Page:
As you know I was recently in New Orleans, and while there I stumbled across an all cookbook used bookstore by the name of Kitchen Witch, what a find! Some cookbook stores can be full of overpriced and rare books that are way out of my price range even if they are books I wish I might own, this was not one of those. The owner not only was well informed and well organized, with different sections for cuisines from different parts of the world or different parts of the meal (e.g. bread or dessert cookbooks), but he also had a very affordable selection.
A couple of years ago in Williamsburg, Virginia I acquired, from another used bookstore, a cookbook called The Art of Chinese Cooking by the Benedictine Sisters of Peking. It is full of amazing and wonderful drawings, and perhaps, if you’re lucky, I’ll share some of them with you here at some point in the future. It did put me onto the fantastic artwork that seems to have appeared in cookbooks particularly in the 1950s and 60s coming out of this country. I love line-drawings and the ones in the cookbooks from these decades are precious, definitely reflective of their time and place in history and so worth talking about with you here.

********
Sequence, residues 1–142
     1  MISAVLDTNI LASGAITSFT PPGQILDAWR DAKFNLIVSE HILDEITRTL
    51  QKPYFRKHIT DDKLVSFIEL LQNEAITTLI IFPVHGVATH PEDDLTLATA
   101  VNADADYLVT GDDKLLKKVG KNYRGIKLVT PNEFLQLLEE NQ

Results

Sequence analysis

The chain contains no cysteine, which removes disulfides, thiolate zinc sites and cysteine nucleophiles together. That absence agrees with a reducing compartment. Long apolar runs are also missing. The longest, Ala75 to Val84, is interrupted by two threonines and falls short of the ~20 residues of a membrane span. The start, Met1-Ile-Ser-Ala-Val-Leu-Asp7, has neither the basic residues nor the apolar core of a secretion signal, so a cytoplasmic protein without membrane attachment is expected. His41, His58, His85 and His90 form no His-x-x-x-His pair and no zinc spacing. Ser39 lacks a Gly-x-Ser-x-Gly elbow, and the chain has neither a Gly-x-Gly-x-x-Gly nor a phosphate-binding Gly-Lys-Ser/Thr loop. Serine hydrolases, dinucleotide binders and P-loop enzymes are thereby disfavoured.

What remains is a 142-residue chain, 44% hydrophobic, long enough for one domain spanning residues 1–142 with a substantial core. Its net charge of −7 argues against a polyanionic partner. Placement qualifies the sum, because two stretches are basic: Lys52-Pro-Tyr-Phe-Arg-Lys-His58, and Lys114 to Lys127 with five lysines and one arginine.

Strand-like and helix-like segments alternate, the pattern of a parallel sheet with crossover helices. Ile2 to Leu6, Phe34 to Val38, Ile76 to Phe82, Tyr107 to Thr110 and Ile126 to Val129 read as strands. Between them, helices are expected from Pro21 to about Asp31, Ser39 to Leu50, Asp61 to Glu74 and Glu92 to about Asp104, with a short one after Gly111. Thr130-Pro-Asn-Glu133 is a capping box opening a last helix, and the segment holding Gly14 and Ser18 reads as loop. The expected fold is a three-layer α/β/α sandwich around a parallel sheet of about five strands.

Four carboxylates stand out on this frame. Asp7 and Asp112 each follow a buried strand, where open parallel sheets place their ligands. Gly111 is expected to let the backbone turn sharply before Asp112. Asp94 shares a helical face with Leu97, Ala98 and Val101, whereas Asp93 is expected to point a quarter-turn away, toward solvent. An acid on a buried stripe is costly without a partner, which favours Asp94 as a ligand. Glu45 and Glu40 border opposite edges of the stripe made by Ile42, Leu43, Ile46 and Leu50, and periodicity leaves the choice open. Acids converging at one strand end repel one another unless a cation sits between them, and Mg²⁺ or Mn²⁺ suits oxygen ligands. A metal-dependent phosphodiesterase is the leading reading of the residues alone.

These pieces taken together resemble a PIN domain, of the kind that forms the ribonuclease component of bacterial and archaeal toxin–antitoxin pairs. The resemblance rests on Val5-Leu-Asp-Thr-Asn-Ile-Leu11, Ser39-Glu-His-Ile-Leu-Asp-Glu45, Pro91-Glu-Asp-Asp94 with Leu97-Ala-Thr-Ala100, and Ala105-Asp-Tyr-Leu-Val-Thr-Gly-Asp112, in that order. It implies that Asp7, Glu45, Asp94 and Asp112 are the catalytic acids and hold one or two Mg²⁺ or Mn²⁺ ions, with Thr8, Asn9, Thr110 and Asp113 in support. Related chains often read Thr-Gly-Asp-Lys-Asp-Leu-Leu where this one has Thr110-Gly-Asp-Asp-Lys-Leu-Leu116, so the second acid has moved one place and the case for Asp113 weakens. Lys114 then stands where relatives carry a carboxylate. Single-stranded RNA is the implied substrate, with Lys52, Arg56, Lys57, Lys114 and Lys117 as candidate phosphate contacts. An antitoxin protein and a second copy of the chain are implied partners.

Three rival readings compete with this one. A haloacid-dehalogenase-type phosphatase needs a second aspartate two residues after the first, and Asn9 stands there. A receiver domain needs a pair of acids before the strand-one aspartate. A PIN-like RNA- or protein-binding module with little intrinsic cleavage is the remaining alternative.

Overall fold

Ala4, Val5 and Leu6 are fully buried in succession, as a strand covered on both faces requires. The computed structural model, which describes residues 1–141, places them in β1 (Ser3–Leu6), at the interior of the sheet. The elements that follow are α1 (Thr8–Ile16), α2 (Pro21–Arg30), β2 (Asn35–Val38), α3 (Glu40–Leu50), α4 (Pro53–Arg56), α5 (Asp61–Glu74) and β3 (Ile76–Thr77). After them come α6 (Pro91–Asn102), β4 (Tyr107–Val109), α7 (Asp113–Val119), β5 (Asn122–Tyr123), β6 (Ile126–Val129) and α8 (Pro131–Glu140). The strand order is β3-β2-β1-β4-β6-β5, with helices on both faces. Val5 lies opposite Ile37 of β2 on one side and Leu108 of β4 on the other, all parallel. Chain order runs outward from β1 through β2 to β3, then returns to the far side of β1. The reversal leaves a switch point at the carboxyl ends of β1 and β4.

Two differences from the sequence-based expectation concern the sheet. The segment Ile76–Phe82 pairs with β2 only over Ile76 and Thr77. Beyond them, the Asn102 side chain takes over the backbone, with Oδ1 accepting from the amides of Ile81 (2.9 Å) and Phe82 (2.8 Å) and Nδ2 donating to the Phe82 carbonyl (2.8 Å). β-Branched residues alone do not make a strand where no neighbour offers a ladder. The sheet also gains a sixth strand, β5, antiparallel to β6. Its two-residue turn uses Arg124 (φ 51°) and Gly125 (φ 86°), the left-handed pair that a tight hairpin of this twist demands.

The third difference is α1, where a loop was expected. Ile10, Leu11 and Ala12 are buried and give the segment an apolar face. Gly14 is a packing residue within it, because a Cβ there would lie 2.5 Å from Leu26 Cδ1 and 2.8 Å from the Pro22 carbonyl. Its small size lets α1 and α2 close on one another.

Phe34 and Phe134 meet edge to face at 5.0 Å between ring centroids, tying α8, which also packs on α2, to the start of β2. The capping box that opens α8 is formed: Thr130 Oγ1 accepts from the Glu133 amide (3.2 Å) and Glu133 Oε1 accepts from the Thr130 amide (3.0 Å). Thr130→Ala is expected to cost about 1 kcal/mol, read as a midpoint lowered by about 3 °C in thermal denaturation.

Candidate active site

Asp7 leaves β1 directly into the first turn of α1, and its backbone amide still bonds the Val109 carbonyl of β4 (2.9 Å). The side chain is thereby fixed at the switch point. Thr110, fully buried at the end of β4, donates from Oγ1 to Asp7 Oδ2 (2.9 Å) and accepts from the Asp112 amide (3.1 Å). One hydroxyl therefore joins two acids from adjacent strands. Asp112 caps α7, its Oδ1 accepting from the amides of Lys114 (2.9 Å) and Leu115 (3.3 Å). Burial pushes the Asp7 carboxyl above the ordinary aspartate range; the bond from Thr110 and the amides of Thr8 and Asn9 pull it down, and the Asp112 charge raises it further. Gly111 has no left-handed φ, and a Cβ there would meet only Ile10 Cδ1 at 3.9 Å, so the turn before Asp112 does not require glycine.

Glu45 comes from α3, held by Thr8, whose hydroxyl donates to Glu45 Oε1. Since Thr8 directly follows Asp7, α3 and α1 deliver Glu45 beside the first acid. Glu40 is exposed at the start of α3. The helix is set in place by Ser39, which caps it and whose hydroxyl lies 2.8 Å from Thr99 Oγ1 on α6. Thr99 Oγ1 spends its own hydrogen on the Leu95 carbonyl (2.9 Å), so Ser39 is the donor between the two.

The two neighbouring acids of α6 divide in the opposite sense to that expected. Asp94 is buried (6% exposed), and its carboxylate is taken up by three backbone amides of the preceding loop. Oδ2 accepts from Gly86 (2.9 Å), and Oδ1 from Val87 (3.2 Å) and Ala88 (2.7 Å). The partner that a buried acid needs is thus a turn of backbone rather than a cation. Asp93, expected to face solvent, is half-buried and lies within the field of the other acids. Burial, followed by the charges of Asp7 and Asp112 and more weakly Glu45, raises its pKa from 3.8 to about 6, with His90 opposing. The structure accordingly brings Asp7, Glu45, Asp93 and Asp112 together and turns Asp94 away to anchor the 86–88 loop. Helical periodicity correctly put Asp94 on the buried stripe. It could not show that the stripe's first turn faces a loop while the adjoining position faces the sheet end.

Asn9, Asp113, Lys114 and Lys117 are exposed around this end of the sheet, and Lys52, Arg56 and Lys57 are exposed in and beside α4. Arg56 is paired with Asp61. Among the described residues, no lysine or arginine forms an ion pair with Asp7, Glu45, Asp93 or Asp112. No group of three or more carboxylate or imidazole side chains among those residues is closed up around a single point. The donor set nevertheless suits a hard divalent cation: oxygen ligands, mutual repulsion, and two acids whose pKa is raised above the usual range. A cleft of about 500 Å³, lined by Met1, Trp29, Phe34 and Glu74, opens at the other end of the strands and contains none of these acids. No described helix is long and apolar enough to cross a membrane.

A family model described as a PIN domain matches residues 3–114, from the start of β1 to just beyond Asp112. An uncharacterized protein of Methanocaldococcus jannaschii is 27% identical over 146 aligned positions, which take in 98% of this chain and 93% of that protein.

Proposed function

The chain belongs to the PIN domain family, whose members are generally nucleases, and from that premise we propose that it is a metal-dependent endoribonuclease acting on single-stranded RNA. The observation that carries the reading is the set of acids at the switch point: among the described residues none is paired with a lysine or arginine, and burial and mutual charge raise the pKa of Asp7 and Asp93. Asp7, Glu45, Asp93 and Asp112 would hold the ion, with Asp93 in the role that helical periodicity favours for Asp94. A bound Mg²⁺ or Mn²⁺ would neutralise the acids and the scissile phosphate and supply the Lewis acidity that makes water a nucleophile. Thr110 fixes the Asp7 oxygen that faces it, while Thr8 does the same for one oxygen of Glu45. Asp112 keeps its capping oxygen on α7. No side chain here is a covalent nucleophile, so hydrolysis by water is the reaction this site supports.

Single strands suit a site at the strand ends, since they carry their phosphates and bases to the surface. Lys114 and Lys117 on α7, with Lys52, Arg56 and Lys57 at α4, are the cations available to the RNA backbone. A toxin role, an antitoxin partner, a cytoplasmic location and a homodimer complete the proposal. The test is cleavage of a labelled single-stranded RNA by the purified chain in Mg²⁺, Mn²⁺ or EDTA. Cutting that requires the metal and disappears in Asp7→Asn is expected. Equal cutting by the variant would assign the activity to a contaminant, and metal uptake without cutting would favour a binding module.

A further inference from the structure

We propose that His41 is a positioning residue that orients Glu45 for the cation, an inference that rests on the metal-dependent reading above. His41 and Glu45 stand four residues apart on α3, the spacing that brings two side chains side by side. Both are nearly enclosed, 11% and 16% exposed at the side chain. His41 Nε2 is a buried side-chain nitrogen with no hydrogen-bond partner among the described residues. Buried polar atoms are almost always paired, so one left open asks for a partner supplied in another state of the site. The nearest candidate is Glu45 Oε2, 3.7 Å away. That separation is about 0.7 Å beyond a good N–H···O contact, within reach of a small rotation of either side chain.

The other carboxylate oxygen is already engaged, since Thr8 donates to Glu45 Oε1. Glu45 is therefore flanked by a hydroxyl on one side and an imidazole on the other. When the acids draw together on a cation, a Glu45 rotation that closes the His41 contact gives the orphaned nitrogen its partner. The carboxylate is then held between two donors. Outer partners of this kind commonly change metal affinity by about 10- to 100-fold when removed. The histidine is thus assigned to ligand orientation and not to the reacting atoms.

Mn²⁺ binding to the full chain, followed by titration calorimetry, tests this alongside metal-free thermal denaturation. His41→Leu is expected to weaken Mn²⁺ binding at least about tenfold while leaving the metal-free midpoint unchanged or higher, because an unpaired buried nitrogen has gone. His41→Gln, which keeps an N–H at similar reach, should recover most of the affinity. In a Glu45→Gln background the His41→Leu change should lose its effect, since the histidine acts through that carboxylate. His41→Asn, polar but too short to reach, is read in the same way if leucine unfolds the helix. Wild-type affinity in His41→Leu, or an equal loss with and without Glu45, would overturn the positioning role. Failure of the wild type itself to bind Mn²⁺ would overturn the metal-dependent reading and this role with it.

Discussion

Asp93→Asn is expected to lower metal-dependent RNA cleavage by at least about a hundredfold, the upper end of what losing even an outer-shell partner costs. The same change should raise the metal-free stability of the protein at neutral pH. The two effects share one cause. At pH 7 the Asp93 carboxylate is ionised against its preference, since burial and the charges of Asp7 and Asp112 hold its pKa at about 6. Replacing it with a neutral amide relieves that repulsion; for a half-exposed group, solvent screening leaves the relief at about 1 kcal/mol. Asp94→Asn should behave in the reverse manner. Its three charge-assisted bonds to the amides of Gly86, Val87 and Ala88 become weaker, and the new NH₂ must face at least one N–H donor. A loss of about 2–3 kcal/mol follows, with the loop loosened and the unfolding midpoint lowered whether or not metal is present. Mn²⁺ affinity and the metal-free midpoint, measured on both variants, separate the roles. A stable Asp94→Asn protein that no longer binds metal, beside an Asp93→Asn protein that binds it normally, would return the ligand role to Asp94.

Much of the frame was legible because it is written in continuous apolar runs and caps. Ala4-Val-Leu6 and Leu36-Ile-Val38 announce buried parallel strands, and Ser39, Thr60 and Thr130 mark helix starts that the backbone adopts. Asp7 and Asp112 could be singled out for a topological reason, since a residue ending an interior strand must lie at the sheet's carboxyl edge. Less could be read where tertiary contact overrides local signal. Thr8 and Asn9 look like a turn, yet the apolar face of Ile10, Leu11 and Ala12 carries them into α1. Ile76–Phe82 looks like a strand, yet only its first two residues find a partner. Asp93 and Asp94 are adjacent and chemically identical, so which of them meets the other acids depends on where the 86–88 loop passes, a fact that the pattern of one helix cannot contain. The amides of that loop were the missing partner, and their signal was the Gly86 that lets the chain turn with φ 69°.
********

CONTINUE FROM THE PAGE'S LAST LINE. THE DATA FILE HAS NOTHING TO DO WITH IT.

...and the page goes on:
I ended up buying two Japanese cookbooks from the Kitchen Witch, I guess starting myself down the road to collecting Asian cookbooks from the mid-twentieth century with cool drawings. I’m include the images from one of those books in this post. This book is entitled Buy It ‘N Try It: Hints on Cooking and Living In Japan compiled and edited by The Women’s Society Tokyo Union Church (new revised edition 1967). As far as I can tell, it’s part of a larger series of “Buy It ‘N Try It” books, though I’ve not yet taken the time to explore what other topics they covered. As I said, what drew me to this book were the images. And another amazing thing about the book is that it essentially tells an American audience how to cook Americanized food in a Japanese context. If you happen to be in Japan and you’re an American, for goodness sakes, do not eat Japanese food, why would you do that? Instead, here are a bunch of recipes that use very few Japanese ingredients, but are American favorites, such as meatballs, peanut brittle, cinnamon buns, dill pickles, etc. Perhaps I’ll explore this in theme in another post as well, though I’m contemplating writing a more academic article on it instead.
So for the images below, click on each one for a close up and a few thoughts and further information about the drawing. Do enjoy this little tour through the newest edition to my growing cookbook collection.